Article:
China Power

12 Regions of China: The North China Plain

The heartland of ancient China is fittingly home to the modern-day capital.

12 Regions of China: The North China Plain
Credit: John Lee

This article series explores 12 distinct “regions” within China: six “core” regions long dominated by the majority Han ethnic group and six “periphery” regions home to many of China’s ethnic minorities. The series overview is available here. To view the full series, click here.

The heartland of ancient China, this alluvial plain stretches from the Taihang mountains in the west to the Bohai Gulf in the east, and from the Yan mountains north of Beijing to the Huai River watershed in the south. One of the world’s cradles of civilization, it was both nurtured and cursed by the silt-laden Yellow River, which enabled intensive dry-land agriculture; wet rice cultivation came to typify “China” only in later times, with the southward march of Han settlement.

Excepting Xi’an, all the long-term capitals of a united China have been located here. These political centers maintained their dominance over two millennia as China’s economic center of gravity shifted southwards, by tapping the wealth of the Yangtze delta through the world’s longest canal system, which is now being incorporated into China’s mammoth south-north water transfer project.

Today, the North China plain remains the country’s most populous region, but there are stark disparities between coast and interior. The inland economy is weighted toward agriculture and overcapacity-plagued heavy industries, and suffers from chronic pollution, underemployment and poverty.

The landlocked province of Henan is the epicenter of China’s HIV/AIDS epidemic and its 94 million inhabitants are stereotyped around the nation as migrant criminals. This region is also ground zero for China’s water crisis, with the water table dropping by around a meter each year, and an estimated 70 percent of groundwater too polluted for human contact.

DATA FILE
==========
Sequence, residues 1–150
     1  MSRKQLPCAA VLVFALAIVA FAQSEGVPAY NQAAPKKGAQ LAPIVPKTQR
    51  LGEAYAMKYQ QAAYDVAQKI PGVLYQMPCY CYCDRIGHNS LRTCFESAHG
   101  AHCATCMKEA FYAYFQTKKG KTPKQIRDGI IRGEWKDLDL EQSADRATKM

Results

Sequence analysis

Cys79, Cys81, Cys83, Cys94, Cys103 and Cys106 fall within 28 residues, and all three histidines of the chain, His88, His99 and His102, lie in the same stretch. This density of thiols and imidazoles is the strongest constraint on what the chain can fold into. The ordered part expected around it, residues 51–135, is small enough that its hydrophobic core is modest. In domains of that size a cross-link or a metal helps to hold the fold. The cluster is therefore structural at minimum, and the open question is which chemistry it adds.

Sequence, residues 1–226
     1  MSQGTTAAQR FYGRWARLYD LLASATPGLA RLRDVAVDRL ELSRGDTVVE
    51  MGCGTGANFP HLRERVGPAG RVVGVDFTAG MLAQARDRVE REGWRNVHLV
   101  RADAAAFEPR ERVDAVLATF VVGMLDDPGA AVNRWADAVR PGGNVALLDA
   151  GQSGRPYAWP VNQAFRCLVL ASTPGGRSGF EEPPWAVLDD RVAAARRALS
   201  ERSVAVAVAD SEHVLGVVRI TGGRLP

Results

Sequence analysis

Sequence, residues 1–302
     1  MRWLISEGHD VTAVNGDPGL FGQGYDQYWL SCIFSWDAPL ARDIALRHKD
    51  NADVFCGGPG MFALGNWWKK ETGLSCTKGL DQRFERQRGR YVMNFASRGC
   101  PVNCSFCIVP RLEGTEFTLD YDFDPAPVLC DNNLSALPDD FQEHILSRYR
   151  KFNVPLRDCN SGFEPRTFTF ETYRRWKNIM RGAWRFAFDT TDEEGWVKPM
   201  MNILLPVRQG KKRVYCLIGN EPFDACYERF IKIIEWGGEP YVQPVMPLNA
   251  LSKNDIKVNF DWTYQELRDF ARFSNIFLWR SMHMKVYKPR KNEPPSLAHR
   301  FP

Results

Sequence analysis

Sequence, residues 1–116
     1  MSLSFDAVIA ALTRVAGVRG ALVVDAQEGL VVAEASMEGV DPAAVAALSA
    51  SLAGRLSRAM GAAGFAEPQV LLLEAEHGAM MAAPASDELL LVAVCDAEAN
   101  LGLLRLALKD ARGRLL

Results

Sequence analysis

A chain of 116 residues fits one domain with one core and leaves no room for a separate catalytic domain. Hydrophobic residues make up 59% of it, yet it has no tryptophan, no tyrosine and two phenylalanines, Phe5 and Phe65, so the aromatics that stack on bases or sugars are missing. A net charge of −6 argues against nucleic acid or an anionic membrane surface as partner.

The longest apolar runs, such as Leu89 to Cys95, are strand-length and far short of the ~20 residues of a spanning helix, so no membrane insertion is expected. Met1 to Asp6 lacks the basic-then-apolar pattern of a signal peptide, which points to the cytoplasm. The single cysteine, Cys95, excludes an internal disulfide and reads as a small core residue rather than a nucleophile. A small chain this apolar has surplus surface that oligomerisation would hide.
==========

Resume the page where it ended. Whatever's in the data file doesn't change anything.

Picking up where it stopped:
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Beijing, however, is the second richest city in China (after Shanghai), the seat of central government, and host to the largest concentration of the nation’s top universities. These advantages have made it the hub of China’s booming tech sector and R&D complex, and of a planned conurbation that if realized will be six times the size of New York, including a new city being built from scratch to relieve population pressure on the capital. Also growing fast are the port cities of Tianjin and Qingdao, the former in the process of building a model eco-city in collaboration with Singapore, and the latter hosting two of China’s leading homegrown exporters, the whitegoods and electronics makers Haier and Hisense.

Located at the southern entrance to the Bohai Gulf that separates China from Korea, Qingdao is also the headquarters of the People’s Liberation Army (PLA) North Sea Fleet and home port of China’s first aircraft carrier, the Liaoning. Among the five PLA theater commands established in 2016, the Central Theater Command headquartered in Beijing has the largest number of assigned troops, reflecting an old Chinese tradition of massing soldiers around the capital. These forces are likely to be treated as the PLA’s strategic reserve. One report holds that authority over the North Sea Fleet has been given to the Central Theater Command, in view of 19th century attacks on Beijing having come across the Bohai Gulf.

Next up: China’s loess plateau.

John Lee is a former visiting fellow of the Mercator Institute for China Studies. He tweets at @J_B_C16.